Space for Cycling in Richmond – more councillors sign up.

More and more councillors are writing to us and to local residents to support the ward asks we chose before the election. s4c asks Since the new administration was elected we have had confirmation from Peter Buckwell, Geoff Acton, Jean Loveland and Penny Frost that they support the specific ‘asks’ in their wards of Ham Petersham and Richmond Riverside, South Richmond, and St Margarets and North Twickenham.

Also, we’ve heard from Brian Marcel, who we also met last week, about his support for a safe route from Sheen Gate to Mortlake Station. So we’re hopeful that cycling in the borough is looking up this year.

And a new cycling champion has been appointed – Councillor Jean Loveland, who has already come along to a ride organised to look at the ward ask in Ham, to create a safe route from Ham to Richmond. Finally, Richmond Cycling Campaign met councillors last week to discuss how we can move forward in a more productive way than with the last administration. All of this is still just words on a page, but we’re hopeful that at a time when more avoidable deaths and injuries are happening in London and in our borough, we can start making Richmond a great place to cycle.

If you haven’t seen it yet, pop along to the Cycling Embassy of Great Britain to see a post on what we agree a great cycling facility should look like

An open letter to Darren Johnson

On Friday, Darren Johnson is coming to Richmond to see what cycling is like here, so we’ve put together an open letter to him about using a bicycle in our borough.

Dear Darren,

Welcome to Richmond. Ours is a borough of extensive green spaces – like the marvellous Richmond Park – and we straddle the river Thames.

This is how we ride in Richmond ...

This is how we ride in Richmond …

But despite the green spaces, the busy town centres, and the significant growth in primary school numbers, we’re still a borough who don’t really like to encourage cycling by providing somewhere safe to do so.

And the recent, tragic death of Henry Lang, at Richmond Circus, is a reminder of just how far there is to go. This happened at a section of road and cycle way which is emblematic of cycling conditions in the borough. If you were driving along the A316 from just before Pools on the Park to Lower Mortlake Road, then you’d have to stop at up to three separate junctions. If you were choosing to use a bicycle, and the cycle lane, and were on the same route, you might have to stop on ten separate occasions to travel the same distance. (And that doesn’t include a junction we’ve previously called ‘the most dangerous cycle lane in Richmond’.)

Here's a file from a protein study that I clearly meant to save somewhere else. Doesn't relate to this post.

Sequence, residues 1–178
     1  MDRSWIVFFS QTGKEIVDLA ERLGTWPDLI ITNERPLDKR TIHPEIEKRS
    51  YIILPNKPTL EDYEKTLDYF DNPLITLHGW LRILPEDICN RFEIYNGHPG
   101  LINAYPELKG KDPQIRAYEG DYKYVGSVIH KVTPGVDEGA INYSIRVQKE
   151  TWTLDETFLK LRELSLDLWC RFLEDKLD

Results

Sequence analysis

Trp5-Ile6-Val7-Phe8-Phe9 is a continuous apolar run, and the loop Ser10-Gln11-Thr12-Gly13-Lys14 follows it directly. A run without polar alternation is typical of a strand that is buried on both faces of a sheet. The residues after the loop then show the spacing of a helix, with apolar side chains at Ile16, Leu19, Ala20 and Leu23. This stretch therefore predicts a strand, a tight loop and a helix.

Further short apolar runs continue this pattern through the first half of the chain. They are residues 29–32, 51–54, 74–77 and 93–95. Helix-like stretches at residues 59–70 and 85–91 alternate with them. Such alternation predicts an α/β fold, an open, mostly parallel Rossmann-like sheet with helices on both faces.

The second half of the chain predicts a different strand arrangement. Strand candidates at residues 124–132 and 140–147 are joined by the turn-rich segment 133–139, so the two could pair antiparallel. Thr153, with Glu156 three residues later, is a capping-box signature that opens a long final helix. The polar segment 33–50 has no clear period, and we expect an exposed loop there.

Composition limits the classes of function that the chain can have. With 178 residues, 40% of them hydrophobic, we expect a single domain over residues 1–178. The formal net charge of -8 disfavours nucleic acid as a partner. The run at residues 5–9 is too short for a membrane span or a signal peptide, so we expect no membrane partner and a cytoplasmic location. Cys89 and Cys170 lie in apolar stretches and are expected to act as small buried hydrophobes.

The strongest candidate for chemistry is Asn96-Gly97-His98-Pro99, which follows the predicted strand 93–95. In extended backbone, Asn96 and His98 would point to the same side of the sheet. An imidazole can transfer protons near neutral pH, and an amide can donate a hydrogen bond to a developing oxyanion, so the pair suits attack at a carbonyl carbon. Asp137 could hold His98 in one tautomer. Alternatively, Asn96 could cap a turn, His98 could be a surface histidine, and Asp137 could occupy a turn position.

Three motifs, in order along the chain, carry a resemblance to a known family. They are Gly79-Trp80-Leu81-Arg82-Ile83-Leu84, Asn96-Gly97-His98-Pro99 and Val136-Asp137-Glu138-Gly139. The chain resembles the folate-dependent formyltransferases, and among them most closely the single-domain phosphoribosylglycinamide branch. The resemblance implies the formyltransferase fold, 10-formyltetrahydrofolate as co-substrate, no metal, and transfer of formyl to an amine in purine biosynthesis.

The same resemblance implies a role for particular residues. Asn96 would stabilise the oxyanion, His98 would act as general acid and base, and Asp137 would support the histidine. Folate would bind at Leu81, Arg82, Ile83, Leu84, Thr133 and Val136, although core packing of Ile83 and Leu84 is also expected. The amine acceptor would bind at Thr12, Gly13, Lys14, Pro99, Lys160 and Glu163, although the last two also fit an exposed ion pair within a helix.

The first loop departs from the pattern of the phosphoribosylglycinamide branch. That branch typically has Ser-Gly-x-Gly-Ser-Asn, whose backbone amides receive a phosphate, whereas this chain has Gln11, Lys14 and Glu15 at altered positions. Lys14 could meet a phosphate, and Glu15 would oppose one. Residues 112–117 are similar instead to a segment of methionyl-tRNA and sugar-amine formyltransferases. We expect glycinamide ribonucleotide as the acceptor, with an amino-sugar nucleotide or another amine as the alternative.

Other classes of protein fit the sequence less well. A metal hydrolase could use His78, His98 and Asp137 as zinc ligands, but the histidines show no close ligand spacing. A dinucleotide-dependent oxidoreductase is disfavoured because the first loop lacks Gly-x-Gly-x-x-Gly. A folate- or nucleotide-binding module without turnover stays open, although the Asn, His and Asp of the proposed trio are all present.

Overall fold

Richmond Council will tell you that the A316 is part of the ‘Transport for London Road Network’ (TLRN) and is therefore not something that can be sorted out by borough engineers. If they say that, you could always ask them why Mini-Holland bid money was spent on the A316 rather than – for example – making the two lane highway through the centre of Richmond a nice place for families to arrive by bike.

You could also ask them why the last time they did anything for cycling, it involved a big pot of Dulux and a ruler, and the statement that “There are many examples where advisory cycle lanes of less than 1.50 metres [that] provide a safe and convenient facility for cyclists” (pdf) to create a laughable cycle lane which ends just before you need it, crossing Richmond Bridge.

Families ride together in Richmond. On the pavement, of course.

Families ride together in Richmond. On the pavement, of course.

But if you really want to know about cycling in the borough, just look at how much effort has gone into Twickenham – and how much TfL money – for some wider pavements. Richmond Cycling has spent enormous effort to try to help councillors and council engineers understand what might encourage cycling, but our appeals have fallen on deaf ears:  Twickenham is going to carry on being a great place to drive through, and a terrible place either to arrive by bike, or to get through by bike.

How we use the A305 cycle lane. Or 'spot the bike'

How we use the A305 cycle lane. Or ‘spot the bike’

So, Darren – welcome to our borough, it’s a real shame that there’s so little positive news we can offer you.

Sincerely,

Richmond Cycling Campaign